Braden v. Mountain Home School District et al
MEMORANDUM OPINION AND ORDER DENYING 62 Motion for Reconsideration, filed by Debbie Atkinson, Charles Scriber, Cassie Fowler, Mountain Home School District, Linda White, Michelle McWilliams. Signed by Honorable P. K. Holmes, III on March 12, 2013. (jas)
IN THE UNITED STATES DISTRICT COURT
WESTERN DISTRICT OF ARKANSAS
SCOTT BRADEN, as parent and next friend of M
Case No. 3:10-CV-03118
MOUNTAIN HOME SCHOOL DISTRICT;
CHARLES SCRIBER; DEBBIE ATKINSON;
MICHELLE MCWILLIAMS; and LINDA WHITE
MEMORANDUM OPINION AND ORDER
Before the Court is Defendants Mountain Home School District, Charles Scriber, Debbie
Atkinson, Michelle McWilliams, and Linda White’s1 Motion for Reconsideration (Doc. 62) of the
Court’s February 12, 2013, order denying their Amended Second Motion for Summary Judgment.
Plaintiff did not file a response.
Defendants contend that their Motion for Reconsideration is made pursuant to Federal Rule
of Civil Procedure 59(e), which concerns motions to alter or amend judgments. However, as no
judgment has entered in this case, Rule 59(e) does not apply. Instead, the Court construes
Defendants’ Motion for Reconsideration as a motion for relief from a final order pursuant to Rule
60(b), which may be granted due to (1) mistake, inadvertence, surprise, or excusable neglect; (2)
newly discovered evidence; (3) fraud, misrepresentation, or misconduct by an opposing party; (4)
a void judgment; (5) a judgment based on an earlier judgment that has been reversed or vacated; or
(6) any other reason that justifies itself. Fed. R. Civ. P. 60(b). Rule 60(b) “provides for
Since the filing of Defendants’ Motion for Reconsideration, Plaintiff moved to voluntarily
dismiss Defendant Cassie Fowler from the lawsuit, with prejudice (Doc. 65). The Court entered an
order on March 8, 2013, advising Plaintiff that the Court would not consider his motion to dismiss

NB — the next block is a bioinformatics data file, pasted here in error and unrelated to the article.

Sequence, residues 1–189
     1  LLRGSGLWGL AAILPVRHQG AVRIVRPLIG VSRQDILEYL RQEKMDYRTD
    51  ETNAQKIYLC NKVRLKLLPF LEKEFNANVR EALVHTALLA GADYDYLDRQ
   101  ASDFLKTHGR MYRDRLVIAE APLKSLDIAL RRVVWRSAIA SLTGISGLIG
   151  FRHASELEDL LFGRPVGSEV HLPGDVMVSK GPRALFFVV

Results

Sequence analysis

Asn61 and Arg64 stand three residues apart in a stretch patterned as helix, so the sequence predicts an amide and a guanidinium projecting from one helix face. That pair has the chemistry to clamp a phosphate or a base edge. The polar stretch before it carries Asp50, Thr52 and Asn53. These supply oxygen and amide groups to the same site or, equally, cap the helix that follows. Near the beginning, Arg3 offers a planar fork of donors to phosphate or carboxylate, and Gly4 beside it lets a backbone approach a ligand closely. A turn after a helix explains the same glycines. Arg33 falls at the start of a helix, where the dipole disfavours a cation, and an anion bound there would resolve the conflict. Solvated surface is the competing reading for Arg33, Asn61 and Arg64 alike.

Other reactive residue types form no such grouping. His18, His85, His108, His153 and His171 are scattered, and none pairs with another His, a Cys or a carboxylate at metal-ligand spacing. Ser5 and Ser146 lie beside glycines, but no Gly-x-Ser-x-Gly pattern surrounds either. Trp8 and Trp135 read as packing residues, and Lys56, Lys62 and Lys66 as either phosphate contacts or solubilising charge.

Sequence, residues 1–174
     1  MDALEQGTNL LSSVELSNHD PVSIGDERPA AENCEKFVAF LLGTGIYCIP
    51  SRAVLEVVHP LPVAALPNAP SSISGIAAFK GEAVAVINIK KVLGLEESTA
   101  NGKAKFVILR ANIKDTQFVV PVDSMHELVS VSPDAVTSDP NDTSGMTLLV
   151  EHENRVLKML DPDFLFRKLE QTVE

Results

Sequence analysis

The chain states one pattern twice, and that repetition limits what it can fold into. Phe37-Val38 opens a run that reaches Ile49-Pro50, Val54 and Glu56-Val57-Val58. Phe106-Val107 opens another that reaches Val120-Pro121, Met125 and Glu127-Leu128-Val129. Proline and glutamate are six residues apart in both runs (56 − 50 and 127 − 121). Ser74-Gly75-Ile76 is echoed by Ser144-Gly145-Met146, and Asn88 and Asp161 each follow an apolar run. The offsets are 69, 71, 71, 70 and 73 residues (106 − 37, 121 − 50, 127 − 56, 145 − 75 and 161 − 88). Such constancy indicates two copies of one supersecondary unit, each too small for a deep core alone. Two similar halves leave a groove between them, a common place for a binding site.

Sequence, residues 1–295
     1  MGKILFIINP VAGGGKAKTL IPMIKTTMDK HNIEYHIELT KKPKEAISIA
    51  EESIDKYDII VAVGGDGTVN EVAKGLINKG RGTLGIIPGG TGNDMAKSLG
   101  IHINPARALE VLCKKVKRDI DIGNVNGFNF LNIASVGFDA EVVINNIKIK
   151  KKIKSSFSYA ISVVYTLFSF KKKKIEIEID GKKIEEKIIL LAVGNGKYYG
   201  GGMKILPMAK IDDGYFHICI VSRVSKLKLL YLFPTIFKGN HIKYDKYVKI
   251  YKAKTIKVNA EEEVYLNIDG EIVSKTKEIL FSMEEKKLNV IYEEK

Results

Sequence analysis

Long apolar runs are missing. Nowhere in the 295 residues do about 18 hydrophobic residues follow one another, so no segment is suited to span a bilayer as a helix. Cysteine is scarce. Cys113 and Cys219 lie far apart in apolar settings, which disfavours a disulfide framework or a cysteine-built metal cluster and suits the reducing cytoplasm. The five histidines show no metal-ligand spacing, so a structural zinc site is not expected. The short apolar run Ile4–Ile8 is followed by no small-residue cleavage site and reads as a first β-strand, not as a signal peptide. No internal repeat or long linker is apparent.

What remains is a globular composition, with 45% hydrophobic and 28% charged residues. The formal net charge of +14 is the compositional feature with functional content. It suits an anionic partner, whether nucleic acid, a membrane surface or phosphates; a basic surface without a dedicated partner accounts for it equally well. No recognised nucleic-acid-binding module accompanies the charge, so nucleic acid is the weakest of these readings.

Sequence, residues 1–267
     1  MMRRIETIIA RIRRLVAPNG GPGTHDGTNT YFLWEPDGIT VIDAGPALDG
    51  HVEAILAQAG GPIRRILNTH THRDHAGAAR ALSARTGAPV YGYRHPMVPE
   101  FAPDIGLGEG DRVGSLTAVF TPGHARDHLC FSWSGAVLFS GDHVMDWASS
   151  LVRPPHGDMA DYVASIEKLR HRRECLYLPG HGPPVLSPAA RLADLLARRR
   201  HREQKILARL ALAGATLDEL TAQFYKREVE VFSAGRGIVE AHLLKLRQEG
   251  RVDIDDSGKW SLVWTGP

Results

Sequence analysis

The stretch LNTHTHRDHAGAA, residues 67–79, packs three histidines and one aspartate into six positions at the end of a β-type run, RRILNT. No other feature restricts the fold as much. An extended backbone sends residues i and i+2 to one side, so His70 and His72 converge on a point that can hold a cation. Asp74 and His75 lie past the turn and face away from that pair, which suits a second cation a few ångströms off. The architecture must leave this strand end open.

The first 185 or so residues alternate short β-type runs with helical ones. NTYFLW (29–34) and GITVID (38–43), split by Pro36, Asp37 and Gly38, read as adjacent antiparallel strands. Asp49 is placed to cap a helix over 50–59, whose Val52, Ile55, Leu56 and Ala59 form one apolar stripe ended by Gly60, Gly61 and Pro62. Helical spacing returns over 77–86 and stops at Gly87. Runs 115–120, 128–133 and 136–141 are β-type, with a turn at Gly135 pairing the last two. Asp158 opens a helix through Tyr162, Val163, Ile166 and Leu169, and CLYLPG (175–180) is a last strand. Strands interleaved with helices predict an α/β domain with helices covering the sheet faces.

until he complied with Local Rule 7.2 by filing a brief in support. As no brief in support has been
filed to date, Ms. Fowler remains a Defendant to this action.
extraordinary relief which may be granted only upon an adequate showing of exceptional
circumstances.” United States v. Young, 806 F.2d 805, 806 (8th Cir. 1986). Here, the Court
concludes that the relief Defendants seek is not justified pursuant to Rule 60(b).
The Court determined in its first order denying summary judgment on qualified immunity
that a genuine issue of material fact exists regarding whether any of the individual Defendants, who
are school officials, had knowledge of the incidents surrounding the alleged sexual abuse and sexual
assault of Plaintiff’s child, M, by another student. If such knowledge on the part of any of these
school officials were proven at trial, Defendants could be subject to individual liability pursuant to
42 U.S.C. § 1983. Defendants now inform the Court that they refrained from appealing the Court’s
first summary judgment order on the issue of qualified immunity—even though Defendants believed
that an appeal “would likely have resulted in remand”—in order to afford the Court a second chance,
of sorts, to redeem itself and revisit the argument when Defendants trotted it out again, without
material change, in their Amended Second Motion for Summary Judgment. See Doc. 63, p. 4. The
Amended Second Motion for Summary Judgment treated the Court to a rehash of the same legal
arguments on qualified immunity that were submitted by Defendants the first time around.
Though Defendants complain in their Motion for Reconsideration that the Court failed to
conduct an individualized assessment of each Defendant’s entitlement to qualified immunity, the
Court finds that the parties did not provide sufficient information about the individual Defendants